In addition, if present and future customers terminate their purchasing arrangements with us, significantly reduce or delay their orders, or seek to renegotiate their agreements on terms less favorable to us, our business, financial condition, and results of operations will be adversely affected. If we accept terms less favorable than the terms of the current agreements, such renegotiations may have a material adverse effect on our business, financial condition, and/or results of operations. Furthermore, in any future negotiations we may be subject to the perceived or actual leverage that these customers may have given their relative size and importance to us. Any termination, change, reduction, or delay in orders could seriously harm our business, financial condition, and results of operations. Accordingly, unless and until we diversify and expand our customer base, our future success will significantly depend upon the timing and size of future purchases by our largest customers and the financial and operational success of these customers. The loss of any one of our major customers or the delay of significant orders from such customers, even if only temporary, could reduce or delay our recognition of revenues, harm our reputation in the industry, and reduce our ability to accurately predict cash flow, and, as a consequence, it could seriously harm our business, financial condition, and results of operations.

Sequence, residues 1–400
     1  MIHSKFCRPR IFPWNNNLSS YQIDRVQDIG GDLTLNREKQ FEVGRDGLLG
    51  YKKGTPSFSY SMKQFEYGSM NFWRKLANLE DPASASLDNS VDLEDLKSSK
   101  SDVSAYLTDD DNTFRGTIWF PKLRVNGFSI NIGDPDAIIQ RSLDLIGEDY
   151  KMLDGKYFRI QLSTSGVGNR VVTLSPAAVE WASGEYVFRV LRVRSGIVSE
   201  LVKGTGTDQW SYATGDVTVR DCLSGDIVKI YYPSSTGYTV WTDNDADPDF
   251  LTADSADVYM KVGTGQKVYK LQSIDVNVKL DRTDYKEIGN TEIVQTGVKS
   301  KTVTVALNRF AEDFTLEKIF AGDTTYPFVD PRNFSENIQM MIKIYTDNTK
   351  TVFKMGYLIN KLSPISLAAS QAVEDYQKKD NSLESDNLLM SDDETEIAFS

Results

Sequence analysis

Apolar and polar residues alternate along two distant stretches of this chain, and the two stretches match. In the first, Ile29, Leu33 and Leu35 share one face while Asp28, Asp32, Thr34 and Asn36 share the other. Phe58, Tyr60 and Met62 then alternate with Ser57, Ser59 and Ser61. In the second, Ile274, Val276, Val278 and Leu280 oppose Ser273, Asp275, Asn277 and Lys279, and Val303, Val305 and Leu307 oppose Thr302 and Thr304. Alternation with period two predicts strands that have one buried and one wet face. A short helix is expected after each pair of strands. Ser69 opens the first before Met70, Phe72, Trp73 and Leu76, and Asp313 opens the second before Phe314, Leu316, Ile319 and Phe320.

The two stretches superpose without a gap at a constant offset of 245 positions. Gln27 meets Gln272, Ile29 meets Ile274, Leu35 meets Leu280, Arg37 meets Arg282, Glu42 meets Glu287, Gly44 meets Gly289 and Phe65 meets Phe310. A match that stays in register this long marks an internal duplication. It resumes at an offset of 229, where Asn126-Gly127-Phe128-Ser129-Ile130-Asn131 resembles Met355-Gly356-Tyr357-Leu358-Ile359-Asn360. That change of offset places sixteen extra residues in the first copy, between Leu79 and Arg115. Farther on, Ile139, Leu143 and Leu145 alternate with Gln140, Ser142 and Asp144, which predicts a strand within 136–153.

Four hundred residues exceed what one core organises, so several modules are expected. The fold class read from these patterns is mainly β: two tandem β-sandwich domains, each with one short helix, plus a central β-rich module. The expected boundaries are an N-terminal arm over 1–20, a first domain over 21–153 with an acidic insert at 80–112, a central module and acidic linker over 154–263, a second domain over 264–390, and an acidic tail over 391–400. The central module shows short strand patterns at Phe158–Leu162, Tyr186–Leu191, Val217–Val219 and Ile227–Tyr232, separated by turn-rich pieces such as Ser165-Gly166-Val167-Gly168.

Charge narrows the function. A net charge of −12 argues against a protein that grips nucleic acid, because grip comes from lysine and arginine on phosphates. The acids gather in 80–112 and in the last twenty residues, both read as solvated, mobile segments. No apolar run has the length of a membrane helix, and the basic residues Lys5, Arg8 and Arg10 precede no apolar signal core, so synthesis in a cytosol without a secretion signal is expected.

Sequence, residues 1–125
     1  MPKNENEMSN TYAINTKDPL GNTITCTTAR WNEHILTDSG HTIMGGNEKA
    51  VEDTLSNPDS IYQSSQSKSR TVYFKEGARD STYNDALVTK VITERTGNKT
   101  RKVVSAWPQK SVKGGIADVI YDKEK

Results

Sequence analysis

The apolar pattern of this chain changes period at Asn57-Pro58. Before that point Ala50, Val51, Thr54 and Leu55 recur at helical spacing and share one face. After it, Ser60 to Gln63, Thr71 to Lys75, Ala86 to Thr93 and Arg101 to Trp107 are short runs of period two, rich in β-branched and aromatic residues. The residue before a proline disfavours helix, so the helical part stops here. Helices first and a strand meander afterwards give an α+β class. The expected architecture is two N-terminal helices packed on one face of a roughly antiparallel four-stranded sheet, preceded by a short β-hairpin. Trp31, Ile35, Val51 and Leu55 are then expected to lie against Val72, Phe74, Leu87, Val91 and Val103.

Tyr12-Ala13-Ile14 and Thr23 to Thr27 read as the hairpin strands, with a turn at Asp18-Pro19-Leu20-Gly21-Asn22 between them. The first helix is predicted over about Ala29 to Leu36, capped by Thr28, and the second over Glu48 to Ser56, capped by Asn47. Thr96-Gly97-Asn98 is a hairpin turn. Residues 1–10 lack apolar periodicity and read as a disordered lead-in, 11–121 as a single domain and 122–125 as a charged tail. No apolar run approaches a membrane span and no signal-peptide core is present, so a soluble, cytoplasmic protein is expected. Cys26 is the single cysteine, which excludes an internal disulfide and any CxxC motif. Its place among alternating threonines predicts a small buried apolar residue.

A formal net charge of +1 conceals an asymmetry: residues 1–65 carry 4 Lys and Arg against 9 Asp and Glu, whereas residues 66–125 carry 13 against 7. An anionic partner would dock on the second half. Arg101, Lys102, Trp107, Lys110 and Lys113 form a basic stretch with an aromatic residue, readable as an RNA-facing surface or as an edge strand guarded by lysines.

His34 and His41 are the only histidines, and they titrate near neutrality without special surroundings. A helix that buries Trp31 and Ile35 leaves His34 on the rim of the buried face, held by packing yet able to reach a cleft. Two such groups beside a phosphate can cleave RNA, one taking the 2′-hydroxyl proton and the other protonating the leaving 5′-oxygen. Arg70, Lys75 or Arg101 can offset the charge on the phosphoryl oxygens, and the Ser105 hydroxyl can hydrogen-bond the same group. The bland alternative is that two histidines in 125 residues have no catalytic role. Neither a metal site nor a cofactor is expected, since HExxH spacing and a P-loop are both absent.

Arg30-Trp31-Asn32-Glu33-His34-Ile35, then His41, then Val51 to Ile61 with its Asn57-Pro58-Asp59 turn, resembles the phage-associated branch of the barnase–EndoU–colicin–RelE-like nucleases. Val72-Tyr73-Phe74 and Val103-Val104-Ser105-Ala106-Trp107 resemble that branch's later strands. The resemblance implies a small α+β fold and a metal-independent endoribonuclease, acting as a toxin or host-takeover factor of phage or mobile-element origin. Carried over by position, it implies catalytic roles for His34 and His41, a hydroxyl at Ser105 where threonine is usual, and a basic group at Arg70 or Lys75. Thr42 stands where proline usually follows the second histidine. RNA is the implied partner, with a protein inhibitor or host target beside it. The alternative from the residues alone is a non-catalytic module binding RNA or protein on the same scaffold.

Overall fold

See Note 13, Revenue by Product Group, by Significant Customer and by Geographic Location; Geographic Information, to the consolidated financial statements included elsewhere in this Annual Report on Form 10-K for information regarding significant customers.

 

Liquidity and Capital Resources

 

 

We require cash to fund our operating expenses and to make capital expenditures. We expect that our requirements for cash to fund these uses will increase as our operations expand. Historically we have generated positive cash flow from operations, which, together with our available cash, investments, and debt, have met our cash requirements. Cash, cash equivalents, and investments aggregated $98.3 million and $184.9 million, and working capital totaled $140.5 million and $218.0 million, at December 31, 2020 and December 31, 2019, respectively. We are closely monitoring our liquidity and capital resources for any potential impact that the COVID-19 pandemic may have on our operations. As a precautionary measure, we executed a drawdown of $50 million from our existing credit facility with Bank of America in April 2020, all of which we repaid during the year ended December 31, 2020. As of December 31, 2020, there were no outstanding borrowings and we are in compliance with the terms of the existing credit facility. During 2020, we also implemented a number of internal short-term expense controls and prioritized business initiatives to conserve cash flow.

 

Cash provided by operating activities was $13.1 million, $37.0 million, and $34.9 million for 2020, 2019, and 2018, respectively. The decrease in 2020 was due primarily to the impact of the COVID-19 pandemic on sales and gross profit, as well as increased operational spending following the acquisitions of Parcus Medical and Arthrosurface.

 

Investing activities used $71.3 million of cash in 2020, provided $39.7 million of cash in 2019, and used $50.3 million of cash in 2018. The change in 2020 was primarily due to the acquisitions of Parcus Medical and Arthrosurface.